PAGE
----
Three million starving Zambians are not happy with Europe these days. The Director of the European Union Commission on Consumer Protection recently admitted that Europe funds the very environmental organizations who stirred up anti-biotech hysteria in Sub-Saharan Africa, prompting Zambia’s “President” to reject U.S. food aid.

Greenpeace, Friends of the Earth and Consumers International are perhaps the loudest opponents of genetically improved foods in Africa, and they also happen to receive funding from European Governments. Greenpeace rakes it in through European-taxpayer-pampered Oxfam. The two groups even host an anti-biotech website together. Friends of the Earth takes money from the Dutch and the Swiss (so much for neutrality). And Consumers International is funded by all kinds of European governmental authorities, including the E.U.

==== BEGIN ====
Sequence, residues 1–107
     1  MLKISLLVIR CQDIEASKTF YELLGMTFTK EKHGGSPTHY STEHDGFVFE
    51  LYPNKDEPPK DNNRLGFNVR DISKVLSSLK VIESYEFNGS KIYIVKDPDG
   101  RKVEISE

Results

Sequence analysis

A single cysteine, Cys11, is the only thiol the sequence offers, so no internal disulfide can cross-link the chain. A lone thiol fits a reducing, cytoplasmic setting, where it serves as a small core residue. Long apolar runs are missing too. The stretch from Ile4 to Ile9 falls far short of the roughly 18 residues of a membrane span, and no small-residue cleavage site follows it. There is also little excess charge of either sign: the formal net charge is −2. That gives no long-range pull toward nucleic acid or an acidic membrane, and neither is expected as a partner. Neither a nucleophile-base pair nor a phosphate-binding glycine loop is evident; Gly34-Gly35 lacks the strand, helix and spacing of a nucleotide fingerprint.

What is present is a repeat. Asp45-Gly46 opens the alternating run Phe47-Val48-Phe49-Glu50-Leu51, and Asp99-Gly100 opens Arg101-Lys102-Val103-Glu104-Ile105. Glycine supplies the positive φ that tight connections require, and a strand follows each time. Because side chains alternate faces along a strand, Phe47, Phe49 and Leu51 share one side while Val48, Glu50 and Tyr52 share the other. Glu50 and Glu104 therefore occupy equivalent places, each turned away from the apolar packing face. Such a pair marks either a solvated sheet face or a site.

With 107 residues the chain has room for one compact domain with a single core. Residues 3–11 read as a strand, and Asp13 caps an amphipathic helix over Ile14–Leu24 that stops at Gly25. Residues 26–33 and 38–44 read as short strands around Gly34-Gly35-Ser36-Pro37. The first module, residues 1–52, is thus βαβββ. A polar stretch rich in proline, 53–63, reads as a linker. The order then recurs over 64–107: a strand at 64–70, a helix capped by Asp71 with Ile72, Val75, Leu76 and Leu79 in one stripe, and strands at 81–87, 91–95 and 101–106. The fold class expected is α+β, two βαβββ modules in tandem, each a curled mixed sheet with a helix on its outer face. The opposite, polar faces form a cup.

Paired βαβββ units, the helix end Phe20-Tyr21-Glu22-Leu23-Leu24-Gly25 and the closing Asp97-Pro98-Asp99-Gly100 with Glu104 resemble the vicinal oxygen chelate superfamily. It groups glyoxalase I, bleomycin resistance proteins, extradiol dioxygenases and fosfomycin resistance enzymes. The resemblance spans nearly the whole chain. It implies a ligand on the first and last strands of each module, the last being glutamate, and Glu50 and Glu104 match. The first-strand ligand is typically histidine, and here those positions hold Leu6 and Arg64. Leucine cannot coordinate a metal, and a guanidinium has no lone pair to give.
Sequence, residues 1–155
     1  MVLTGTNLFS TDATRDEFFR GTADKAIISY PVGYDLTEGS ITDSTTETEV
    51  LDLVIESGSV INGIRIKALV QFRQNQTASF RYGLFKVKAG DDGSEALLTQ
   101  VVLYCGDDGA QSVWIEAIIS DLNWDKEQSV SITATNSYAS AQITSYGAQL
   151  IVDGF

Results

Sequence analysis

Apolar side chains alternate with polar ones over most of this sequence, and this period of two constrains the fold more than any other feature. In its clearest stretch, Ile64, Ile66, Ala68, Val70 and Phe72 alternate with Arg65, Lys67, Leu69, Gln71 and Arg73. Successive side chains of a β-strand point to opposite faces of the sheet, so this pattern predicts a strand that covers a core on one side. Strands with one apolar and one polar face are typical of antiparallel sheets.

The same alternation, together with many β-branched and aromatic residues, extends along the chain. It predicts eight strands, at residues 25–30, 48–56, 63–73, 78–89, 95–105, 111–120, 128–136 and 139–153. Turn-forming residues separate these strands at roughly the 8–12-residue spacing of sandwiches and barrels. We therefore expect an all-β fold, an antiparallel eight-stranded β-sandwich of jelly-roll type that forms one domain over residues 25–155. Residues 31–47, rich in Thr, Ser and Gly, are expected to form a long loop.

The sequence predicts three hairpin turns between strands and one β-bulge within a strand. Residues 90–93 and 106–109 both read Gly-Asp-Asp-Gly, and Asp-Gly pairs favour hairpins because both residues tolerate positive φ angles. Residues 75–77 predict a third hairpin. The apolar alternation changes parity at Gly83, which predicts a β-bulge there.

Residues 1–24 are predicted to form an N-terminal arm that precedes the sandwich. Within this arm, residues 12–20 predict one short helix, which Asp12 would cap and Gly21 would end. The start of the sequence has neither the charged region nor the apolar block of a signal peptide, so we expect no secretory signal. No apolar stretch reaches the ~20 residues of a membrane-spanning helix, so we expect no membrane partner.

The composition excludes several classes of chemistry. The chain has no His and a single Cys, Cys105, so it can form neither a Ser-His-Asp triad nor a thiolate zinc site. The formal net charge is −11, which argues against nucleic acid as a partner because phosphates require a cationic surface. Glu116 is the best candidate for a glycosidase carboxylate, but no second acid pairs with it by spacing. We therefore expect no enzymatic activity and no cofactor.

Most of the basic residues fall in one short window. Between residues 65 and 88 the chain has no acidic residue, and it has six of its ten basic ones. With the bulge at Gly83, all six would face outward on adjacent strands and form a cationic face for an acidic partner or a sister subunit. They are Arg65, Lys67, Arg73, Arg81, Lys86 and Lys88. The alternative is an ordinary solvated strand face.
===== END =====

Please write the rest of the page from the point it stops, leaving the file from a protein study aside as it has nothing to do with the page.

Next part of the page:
The public position of the E.U. is that genetically enhanced foods are as safe as conventional foods. So why is it funding activists who export Europe’s homegrown biotech paranoia to Africa? One Greenpeace spokesman says about biotech foods: “Science is not a church or a religion. It is not enough anymore for European consumers to have somebody with a white coat, a professional, say it’s O.K.”

It might not be enough for Europeans, but a scientific consensus ought to be enough for a Africa’s starving people.